Degenerative Disk Disease (DDD) is a condition where the spinal disks, which act as shock absorbers and help in movement, begin to wear down. This degeneration is a normal part of aging, akin to getting gray hair. By age 65, about 20% of all U.S. adults exhibit some degree of degeneration, and this number rises to about 35% by age 80. Everyone will experience some level of degeneration over time, but the progression and symptoms can vary widely.
What Is Degenerative Disk Disease?
Degenerative disk disease is when your spinal disks wear down. These disks are rubbery cushions situated between the vertebrae in your spinal column. They act as shock absorbers, aiding in movement, bending, and twisting comfortably. As these cushions wear away, the bones can start to rub together, leading to pain and other complications such as adult scoliosis, herniated disks, spinal stenosis, and spondylolisthesis.
Symptoms and Causes
The most common symptoms of DDD are neck pain and back pain. The pain:
- Can come and go, lasting for weeks or months at a time.
- May lead to numbness or tingling in your arms or legs.
- Radiates down your buttocks and lower back.
- Worsens with activities like sitting, bending, or lifting.
The primary cause of DDD is the natural aging process. Especially after age 40, most people experience some disk degeneration. However, not everyone experiences pain. Pain might occur if:
- Disks dry out: As you age, the soft core of the disks naturally loses water, making disks thinner and reducing their shock absorption capabilities.
- Disks tear or crack: Minor injuries can lead to small cracks in the disks. These tears, often near nerves, can be painful. If the outer wall of the disk cracks open, it may bulge out of place, leading to a herniated disk which may compress a spinal nerve.
Risk Factors for Degenerative Disk Disease
Some factors increase the risk of developing DDD:
- Acute injuries, such as falls.
- Biological sex, with women being more likely to experience symptoms.
- Working in physically demanding jobs.
Treatment Options for Degenerative Disk Disease
Usually, noninvasive treatment options are recommended first. These may include:
- Physical Therapy: Engaging in strengthening and stretching exercises with a trained healthcare provider.
- Medications: Taking nonsteroidal anti-inflammatory drugs (NSAIDs), muscle relaxers, or steroids.
- Steroid Injections: Injecting medicine near spinal nerves, disks, or joints to reduce inflammation and pain.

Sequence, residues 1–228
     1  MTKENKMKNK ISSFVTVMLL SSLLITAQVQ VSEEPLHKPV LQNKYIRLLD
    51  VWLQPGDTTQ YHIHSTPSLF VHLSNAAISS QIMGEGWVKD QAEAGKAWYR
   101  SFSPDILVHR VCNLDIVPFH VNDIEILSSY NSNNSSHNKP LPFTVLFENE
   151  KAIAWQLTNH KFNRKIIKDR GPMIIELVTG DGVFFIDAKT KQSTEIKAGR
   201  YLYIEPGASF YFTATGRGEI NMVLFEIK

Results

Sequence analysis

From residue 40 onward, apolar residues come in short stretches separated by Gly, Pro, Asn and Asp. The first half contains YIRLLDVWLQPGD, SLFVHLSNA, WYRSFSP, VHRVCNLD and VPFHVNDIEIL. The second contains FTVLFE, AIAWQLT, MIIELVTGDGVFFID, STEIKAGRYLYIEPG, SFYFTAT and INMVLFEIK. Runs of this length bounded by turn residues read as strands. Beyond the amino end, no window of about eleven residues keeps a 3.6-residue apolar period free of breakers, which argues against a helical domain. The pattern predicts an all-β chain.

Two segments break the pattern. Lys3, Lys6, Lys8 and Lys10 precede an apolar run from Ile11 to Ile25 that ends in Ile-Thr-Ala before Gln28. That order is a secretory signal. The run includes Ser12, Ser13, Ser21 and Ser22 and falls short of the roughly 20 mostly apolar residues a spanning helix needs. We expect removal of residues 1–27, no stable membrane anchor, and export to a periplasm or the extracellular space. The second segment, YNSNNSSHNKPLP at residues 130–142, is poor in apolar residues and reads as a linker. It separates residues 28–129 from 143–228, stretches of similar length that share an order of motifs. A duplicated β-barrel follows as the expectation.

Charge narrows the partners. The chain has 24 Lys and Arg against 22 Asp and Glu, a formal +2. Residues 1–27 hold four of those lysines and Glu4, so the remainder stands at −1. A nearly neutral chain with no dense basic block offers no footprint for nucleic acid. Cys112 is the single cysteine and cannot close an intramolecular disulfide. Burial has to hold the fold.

- Radiofrequency Neurotomy: Using electric currents to burn sensory nerves and prevent pain signals from reaching the brain.
For those with severe pain, surgery might be considered. Surgical options include diskectomy, foraminotomy, laminectomy, osteophyte removal, and spinal fusion.
Prevention for Degenerative Disk Disease
You can prevent or slow the progression of spinal degeneration through lifestyle changes such as:
- Achieving and maintaining a healthy body weight.
- Avoiding or quitting smoking.
- Regular exercise to increase strength and flexibility.
Many people use nonsurgical and at-home treatments to manage pain long-term. If you have mild to moderate back pain, you will need to continue treatment to keep the pain at bay. Most people who undergo surgery for DDD experience long-term pain relief. Even after surgery, it's crucial to continue exercising and stretching to keep the back strong and healthy. Source: Cleveland Clinic
How Physical Therapy Can Help Degenerative Disk Disease
Physical therapists are movement experts who enhance the quality of life through hands-on care, patient education, and prescribed movement. Here's how they can assist with DDD:
- Stretching and Flexibility: Physical therapists teach specific exercises to improve movement in the spine, arms, and legs. This can be key to pain relief.
- Strengthening: Strong trunk muscles support the spinal joints, and strong arm and leg muscles help reduce the workload on these joints.
- Aerobic Exercise: Regular activities like walking or swimming have been shown to relieve pain, promote a healthy body weight, and improve overall strength and mobility.
- Manual Therapy: Physical therapists may use hands-on treatments to improve movement in stiff joints and tight muscles.
- Posture and Body Mechanics Education: They can show small changes in daily activities, like sitting, standing, bending, lifting, and even sleeping, to help manage the condition.
- The most Important way to physical therapy can help is by opening up the neuroforaminal hole that is compressing the nerve in your back. This hole is dynamic, even though its getting narrow as you age. So by opening the hole you will reduce the pain. Physical therapy can also improve the motion in the rest of your body so that when you move it is less likely that the hole will close down.